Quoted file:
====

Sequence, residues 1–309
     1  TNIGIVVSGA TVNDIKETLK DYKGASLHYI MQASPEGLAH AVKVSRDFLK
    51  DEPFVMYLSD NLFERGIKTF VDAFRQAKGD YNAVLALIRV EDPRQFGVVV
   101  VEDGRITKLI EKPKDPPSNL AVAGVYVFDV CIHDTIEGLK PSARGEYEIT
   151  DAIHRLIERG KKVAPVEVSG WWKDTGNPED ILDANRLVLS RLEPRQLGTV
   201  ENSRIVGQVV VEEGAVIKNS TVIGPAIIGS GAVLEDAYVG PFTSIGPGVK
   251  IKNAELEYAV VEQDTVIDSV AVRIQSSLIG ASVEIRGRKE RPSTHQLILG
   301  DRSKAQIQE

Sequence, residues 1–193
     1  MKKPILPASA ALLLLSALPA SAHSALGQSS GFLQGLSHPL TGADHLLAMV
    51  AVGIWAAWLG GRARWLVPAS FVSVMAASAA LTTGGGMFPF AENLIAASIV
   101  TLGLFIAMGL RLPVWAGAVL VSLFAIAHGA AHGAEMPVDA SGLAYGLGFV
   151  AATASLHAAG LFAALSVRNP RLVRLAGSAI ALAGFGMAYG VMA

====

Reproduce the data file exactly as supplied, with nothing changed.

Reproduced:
Sequence, residues 1–309
     1  TNIGIVVSGA TVNDIKETLK DYKGASLHYI MQASPEGLAH AVKVSRDFLK
    51  DEPFVMYLSD NLFERGIKTF VDAFRQAKGD YNAVLALIRV EDPRQFGVVV
   101  VEDGRITKLI EKPKDPPSNL AVAGVYVFDV CIHDTIEGLK PSARGEYEIT
   151  DAIHRLIERG KKVAPVEVSG WWKDTGNPED ILDANRLVLS RLEPRQLGTV
   201  ENSRIVGQVV VEEGAVIKNS TVIGPAIIGS GAVLEDAYVG PFTSIGPGVK
   251  IKNAELEYAV VEQDTVIDSV AVRIQSSLIG ASVEIRGRKE RPSTHQLILG
   301  DRSKAQIQE

Sequence, residues 1–193
     1  MKKPILPASA ALLLLSALPA SAHSALGQSS GFLQGLSHPL TGADHLLAMV
    51  AVGIWAAWLG GRARWLVPAS FVSVMAASAA LTTGGGMFPF AENLIAASIV
   101  TLGLFIAMGL RLPVWAGAVL VSLFAIAHGA AHGAEMPVDA SGLAYGLGFV
   151  AATASLHAAG LFAALSVRNP RLVRLAGSAI ALAGFGMAYG VMA